In today’s digital economy, disruption is ubiquitous. It’s changing the way we consume everything—from products to entertainment. As consumers increasingly want personalised, on-demand services, healthcare is not immune. Now is clearly the time to expect the unexpected.
New ecosystems are forming
Lines are blurring across industries and new ecosystems are emerging. Non-traditional players are stepping onto the healthcare field. Startups, wearables and device manufacturers are converging to capture what is happening with consumers, and react in real time.
Developments such as virtual reality can disrupt traditional care by putting a virtual clinician in rural regions where there is a doctor shortage. Clinicians can safely hone their skills using gaming technology to practice performing invasive procedures. Anything is possible.
Getting ahead of disruption
Disruption can be a game changer if a business can predict it. Healthcare organisations must link up with those outside of the industry to seize new disruptive opportunities. The bigger the system gets, the more valuable it is. If the banking industry has mastered mobile payments, health plans should explore mobile apps that can make out-of-pocket payments pain-free for consumers. If companies like Spotify can successfully deliver music as a service—from car to home to phone—healthcare providers should also look at how care can be delivered as a service.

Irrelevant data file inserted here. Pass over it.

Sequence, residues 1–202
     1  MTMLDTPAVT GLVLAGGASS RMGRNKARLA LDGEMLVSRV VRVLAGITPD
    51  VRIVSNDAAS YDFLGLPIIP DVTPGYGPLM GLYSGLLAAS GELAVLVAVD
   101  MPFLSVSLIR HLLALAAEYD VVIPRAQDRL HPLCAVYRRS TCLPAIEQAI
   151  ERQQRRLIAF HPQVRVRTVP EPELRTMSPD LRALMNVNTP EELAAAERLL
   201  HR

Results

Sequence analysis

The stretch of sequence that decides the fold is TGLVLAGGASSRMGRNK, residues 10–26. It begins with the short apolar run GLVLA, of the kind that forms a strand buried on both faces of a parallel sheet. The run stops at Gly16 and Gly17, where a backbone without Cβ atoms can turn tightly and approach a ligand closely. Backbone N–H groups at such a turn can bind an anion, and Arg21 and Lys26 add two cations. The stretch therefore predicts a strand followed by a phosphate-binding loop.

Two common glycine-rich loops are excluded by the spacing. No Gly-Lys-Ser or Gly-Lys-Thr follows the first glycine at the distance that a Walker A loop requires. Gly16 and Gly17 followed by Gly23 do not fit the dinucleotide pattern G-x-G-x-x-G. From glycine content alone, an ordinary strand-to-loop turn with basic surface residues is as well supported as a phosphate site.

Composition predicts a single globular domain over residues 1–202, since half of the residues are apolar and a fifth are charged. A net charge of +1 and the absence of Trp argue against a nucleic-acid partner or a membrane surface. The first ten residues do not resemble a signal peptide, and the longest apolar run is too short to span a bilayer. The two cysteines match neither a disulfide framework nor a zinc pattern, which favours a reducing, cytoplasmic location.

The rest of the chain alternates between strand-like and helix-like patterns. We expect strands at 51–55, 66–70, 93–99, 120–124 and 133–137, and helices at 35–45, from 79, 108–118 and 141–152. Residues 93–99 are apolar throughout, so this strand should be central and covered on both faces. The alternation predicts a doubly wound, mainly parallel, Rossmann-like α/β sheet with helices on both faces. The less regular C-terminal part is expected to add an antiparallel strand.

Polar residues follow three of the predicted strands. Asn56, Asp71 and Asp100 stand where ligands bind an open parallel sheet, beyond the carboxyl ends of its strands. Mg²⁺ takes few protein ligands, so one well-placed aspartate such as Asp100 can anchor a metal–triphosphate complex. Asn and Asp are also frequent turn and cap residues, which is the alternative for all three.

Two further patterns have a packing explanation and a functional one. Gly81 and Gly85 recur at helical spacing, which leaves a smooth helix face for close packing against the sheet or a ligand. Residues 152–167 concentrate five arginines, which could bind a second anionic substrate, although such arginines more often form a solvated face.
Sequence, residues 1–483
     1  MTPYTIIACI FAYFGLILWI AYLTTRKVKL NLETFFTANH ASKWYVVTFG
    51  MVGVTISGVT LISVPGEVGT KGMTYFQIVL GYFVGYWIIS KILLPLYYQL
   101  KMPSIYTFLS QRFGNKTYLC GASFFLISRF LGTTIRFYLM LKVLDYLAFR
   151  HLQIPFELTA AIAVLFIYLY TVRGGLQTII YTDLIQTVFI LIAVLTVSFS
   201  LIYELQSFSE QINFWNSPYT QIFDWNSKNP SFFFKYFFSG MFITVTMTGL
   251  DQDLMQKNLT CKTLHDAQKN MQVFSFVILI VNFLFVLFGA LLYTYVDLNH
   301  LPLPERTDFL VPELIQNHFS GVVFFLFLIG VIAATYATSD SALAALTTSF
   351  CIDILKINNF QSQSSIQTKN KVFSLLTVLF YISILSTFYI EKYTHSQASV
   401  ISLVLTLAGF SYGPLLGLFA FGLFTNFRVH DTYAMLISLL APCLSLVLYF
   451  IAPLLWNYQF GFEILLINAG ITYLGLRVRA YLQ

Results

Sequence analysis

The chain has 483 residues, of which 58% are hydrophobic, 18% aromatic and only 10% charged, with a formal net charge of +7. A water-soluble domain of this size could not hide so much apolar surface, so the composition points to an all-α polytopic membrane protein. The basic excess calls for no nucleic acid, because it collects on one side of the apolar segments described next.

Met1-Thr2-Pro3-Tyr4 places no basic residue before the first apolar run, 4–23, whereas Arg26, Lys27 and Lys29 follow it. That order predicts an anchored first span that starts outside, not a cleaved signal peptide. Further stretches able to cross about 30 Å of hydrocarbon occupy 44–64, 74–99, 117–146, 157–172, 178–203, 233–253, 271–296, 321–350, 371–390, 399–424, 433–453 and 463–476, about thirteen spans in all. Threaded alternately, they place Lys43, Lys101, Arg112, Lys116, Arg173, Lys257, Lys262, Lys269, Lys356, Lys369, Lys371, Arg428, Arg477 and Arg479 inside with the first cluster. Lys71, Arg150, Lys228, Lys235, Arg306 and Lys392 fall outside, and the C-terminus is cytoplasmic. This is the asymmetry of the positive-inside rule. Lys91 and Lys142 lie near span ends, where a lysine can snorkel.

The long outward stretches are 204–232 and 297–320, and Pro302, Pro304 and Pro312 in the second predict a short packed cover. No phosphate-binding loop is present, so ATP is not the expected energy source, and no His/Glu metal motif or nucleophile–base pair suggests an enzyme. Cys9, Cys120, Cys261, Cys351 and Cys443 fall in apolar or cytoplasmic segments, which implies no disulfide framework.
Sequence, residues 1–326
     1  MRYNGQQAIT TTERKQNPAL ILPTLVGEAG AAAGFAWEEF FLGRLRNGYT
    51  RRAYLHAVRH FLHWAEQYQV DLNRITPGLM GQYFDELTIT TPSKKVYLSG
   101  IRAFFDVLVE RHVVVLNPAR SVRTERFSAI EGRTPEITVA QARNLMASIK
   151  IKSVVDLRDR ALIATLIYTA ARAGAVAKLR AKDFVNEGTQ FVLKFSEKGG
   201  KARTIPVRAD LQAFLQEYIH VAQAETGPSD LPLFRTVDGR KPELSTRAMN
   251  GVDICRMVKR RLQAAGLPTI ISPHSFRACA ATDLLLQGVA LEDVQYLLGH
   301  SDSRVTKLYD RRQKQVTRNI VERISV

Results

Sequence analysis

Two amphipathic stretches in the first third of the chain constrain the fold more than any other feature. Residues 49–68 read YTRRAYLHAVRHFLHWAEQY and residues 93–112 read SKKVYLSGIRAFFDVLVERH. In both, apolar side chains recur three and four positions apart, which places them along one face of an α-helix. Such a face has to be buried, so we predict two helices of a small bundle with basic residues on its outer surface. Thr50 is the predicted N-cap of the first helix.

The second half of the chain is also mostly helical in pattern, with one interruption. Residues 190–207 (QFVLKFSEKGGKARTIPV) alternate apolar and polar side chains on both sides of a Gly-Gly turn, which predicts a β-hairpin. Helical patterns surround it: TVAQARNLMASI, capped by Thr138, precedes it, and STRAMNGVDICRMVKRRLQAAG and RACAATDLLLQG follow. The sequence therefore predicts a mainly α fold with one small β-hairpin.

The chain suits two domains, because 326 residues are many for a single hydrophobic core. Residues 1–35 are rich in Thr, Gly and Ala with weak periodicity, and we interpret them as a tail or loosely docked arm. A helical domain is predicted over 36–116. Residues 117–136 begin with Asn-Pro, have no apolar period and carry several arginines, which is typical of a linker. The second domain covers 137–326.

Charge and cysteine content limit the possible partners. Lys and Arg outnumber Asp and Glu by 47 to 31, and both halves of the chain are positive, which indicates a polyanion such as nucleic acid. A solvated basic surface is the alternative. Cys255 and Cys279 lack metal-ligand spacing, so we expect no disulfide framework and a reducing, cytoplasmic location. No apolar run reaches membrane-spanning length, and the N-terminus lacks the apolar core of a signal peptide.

If health plans, pharmaceutical companies and hospitals continue to stay locked in old legacy models, they will lose relevance as the industry pushes forward at unprecedented speed.
UberHEALTH: Drive-up healthcare
Uber is now using its ecosystem to push disruption into new sectors—such as the recent trial of UberHEALTH in Boston. With its existing network of cars and customers, and a new set of skilled workers—registered nurses—Uber has been able to provide on-demand delivery of flu shots and similar vaccinations. Neither hospitals nor major pharmacy chains in the United States would have ever previously seen Uber as a competitor.